How it works
“In many ways, the card works like a mini computer. The chip provides three key safeguards: it can store information, process information, and it is capable of storing secret information and performing cryptographic processing, a computing function that enables numerous protection features that prevent unauthorized retrieval of data. It is very difficult to clone or replicate the chips and the circuitry that makes them work. Each chip is unique and makes each card inimitable. Chips and software are constantly evolving and allow the payment industry to stay ahead of criminals and new exploits that may be discovered in the future.

When you make a purchase, the card must come in contact with an acceptance terminal. The terminal powers the card and activates the chip, which verifies that the card is authentic and aids in the authorization of the transaction. The chip actually determines and enforces many of the payment rules set by the issuing bank. This can include a number of additional security features such as verifying the cardholder’s identity through PIN, or request the terminal to prompt for a written signature. The bank that issues the card can define the rules and program it into the chip depending on the type of security deemed necessary.

Chips have saved banks massive costs in fraud. EMV has cut down on the production of counterfeit cards that were used in suspect transactions. When fraud has been detected, banks have to block then replace cards that have been counterfeited or fraudulently used, and ultimately they are responsible for fraudulent payments to merchants.” (Jabu Basopo, 2013)

“Twenty-two countries, including most of Europe, Mexico, Brazil and Japan, have accepted EMV technology, according to the Smart Card Alliance. About 50 other countries, including China, India and most of Latin America, are in various stages of migrating over the next two years. In 2010, Canada began rolling out chip-and-PIN cards and plans to stop accepting magnetic stripe payment cards at ATMs after 2012 and at POS terminals after 2015”(Total System Services, Inc. , 2014).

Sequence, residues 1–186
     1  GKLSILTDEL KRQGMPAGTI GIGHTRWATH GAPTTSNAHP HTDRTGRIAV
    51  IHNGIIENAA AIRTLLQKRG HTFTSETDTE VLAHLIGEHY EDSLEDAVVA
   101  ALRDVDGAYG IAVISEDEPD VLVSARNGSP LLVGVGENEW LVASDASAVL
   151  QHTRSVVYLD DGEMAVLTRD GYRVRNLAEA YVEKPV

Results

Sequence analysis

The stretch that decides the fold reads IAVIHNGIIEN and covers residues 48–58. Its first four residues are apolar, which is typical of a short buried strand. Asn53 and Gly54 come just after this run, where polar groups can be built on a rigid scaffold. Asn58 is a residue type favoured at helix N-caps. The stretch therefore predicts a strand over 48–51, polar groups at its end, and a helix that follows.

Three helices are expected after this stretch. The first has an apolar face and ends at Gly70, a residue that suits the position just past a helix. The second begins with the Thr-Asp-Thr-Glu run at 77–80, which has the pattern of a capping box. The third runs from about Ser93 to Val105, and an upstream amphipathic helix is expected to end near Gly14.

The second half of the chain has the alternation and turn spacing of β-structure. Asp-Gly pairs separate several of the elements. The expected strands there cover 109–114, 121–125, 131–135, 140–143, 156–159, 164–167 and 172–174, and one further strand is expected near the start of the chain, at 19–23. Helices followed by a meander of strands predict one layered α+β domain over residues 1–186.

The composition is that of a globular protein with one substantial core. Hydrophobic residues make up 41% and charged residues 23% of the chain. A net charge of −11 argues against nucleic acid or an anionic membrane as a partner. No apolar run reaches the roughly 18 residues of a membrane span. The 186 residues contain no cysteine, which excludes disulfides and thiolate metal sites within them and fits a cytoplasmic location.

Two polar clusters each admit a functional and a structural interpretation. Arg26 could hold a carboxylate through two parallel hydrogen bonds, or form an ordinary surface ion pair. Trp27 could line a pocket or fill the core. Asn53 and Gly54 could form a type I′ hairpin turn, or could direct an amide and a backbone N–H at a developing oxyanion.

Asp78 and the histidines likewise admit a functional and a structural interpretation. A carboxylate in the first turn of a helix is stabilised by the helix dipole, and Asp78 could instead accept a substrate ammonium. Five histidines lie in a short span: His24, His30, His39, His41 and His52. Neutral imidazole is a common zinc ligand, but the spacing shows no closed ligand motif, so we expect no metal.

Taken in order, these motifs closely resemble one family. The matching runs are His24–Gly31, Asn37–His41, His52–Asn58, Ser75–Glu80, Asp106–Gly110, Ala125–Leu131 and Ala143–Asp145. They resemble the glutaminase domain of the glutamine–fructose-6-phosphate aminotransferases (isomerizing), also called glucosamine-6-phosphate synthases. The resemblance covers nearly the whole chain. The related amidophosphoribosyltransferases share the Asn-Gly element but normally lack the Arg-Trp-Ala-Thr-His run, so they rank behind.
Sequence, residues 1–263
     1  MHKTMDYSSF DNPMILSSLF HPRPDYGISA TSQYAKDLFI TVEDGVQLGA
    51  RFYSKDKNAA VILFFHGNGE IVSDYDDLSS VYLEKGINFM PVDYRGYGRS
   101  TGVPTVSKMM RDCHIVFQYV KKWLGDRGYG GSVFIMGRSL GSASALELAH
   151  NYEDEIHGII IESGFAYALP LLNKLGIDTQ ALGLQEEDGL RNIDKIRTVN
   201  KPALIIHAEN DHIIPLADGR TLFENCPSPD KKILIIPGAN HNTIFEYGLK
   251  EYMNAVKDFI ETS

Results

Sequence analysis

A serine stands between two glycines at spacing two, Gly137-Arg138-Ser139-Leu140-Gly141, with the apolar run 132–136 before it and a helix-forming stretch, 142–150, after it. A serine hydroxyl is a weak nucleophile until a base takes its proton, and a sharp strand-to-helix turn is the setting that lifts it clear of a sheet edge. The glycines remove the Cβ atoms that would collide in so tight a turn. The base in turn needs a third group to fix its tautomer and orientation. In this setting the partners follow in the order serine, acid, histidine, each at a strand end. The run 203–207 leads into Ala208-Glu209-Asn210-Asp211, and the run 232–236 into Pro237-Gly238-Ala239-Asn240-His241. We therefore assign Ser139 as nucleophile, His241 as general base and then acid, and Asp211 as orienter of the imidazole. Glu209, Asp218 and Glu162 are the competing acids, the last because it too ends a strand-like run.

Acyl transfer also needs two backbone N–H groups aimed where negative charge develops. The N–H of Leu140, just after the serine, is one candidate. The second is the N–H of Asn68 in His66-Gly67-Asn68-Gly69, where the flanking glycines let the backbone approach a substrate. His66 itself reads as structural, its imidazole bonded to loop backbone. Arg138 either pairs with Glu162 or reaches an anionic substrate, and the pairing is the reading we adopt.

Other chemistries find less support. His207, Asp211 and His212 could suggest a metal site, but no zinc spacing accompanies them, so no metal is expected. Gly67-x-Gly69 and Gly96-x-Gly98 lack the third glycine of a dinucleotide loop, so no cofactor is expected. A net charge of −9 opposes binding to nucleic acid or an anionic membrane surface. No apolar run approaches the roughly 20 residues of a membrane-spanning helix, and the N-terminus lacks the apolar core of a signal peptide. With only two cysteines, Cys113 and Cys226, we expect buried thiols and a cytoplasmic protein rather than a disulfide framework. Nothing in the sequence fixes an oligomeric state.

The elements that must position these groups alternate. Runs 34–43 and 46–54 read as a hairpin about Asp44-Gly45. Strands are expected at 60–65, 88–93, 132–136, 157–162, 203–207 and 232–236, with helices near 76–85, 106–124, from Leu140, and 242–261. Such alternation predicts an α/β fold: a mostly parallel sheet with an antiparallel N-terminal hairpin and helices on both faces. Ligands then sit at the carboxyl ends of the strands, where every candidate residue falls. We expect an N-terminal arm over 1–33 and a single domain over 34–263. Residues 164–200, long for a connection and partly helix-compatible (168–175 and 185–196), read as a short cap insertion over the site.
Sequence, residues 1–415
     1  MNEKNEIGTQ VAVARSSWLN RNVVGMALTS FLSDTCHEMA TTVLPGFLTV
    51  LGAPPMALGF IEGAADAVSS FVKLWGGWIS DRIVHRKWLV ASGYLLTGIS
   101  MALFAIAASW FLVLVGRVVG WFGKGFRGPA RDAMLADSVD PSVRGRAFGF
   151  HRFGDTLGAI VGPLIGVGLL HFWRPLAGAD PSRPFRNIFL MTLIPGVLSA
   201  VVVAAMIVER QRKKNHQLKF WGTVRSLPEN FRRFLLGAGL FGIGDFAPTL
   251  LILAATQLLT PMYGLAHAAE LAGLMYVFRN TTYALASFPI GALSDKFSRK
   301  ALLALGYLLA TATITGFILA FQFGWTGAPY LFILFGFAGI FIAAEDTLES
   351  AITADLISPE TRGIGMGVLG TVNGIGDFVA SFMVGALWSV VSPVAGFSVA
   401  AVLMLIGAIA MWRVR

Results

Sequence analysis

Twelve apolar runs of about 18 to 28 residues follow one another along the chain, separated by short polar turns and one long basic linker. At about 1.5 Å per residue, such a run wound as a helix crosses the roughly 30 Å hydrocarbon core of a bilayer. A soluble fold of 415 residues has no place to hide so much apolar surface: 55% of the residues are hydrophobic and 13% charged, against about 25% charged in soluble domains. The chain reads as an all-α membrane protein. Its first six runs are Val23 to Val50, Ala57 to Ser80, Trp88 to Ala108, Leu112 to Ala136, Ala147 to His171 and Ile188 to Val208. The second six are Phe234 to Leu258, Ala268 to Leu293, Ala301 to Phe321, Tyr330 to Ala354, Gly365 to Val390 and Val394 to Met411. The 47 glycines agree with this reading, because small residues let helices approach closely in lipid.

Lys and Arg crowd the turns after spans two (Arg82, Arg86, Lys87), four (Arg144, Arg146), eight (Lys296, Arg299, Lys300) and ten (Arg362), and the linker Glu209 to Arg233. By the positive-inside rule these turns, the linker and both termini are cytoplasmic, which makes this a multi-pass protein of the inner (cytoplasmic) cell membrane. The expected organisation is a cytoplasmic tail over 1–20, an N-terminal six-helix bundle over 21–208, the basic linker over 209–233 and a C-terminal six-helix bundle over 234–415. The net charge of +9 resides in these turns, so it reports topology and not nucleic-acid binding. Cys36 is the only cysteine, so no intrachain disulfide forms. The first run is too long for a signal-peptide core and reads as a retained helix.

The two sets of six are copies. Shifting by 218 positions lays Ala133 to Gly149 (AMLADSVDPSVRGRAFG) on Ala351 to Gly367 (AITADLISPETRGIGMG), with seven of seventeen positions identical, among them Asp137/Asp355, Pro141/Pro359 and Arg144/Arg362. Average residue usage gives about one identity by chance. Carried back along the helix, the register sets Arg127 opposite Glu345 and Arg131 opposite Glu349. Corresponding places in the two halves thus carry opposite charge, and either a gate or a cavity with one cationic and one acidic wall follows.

What changes in technology does EMV bring in?

“EMV will require new hardware and software changes at the point of sale but the biggest advances in the payment industry will come through the product strategy convergence through the development of gateway functionality and connectivity. Gateways will provide increased functionality, a wide array of connectivity, mobile wallet acceptance and better security. Many processors have open APIs and SDKs for VARs and ISVs to connect directly to their platforms. These gateways will connect not only to the associations’ networks but also various debit networks, alternative payment sources . Mobile wallets will also be adopted at a faster rate because the merchant can use EMV to collect payment for multiple payment types and more favorable rates. Security will be improved due to the PAN, and other identifiers will be encrypted and/ or tokenized from the start to the end of the transaction. Since Visa’s purchase of CyberSource (a gateway) and its subsequent actions including the open API, mobile wallet and push for EMV, Visa has clearly shown that this is the way of the future of technology in the Acquiring industry.” (Total System Services, Inc. , 2014).

Am looking forward to see how all this migrations will affect the consumers in Kenya. Seems to me it will be very interesting technological and environmental year!

MasterCard Exec: It’s Time for EMV, Information Security Media Group, Corp., 2014, Accessed on 31st January 2014 at 0908hrs. From:

Europay/MasterCard/Visa (EMV) Smartcard Payment System, Total System Services, Inc. , 2014, Accessed on 31st January 2014 at 0948hrs. From:

Kenyan banks to meet EMV (Euro pay, MasterCard and Visa) Chip standards, The Kenyan banker, 2014, Accessed on 31st January 2014 at 0908hrs. From:

How EMV technology protects you from ATM fraudsters, Jabu Basopo, 2013. Accessed on 31st January 2014 at 0908hrs. From: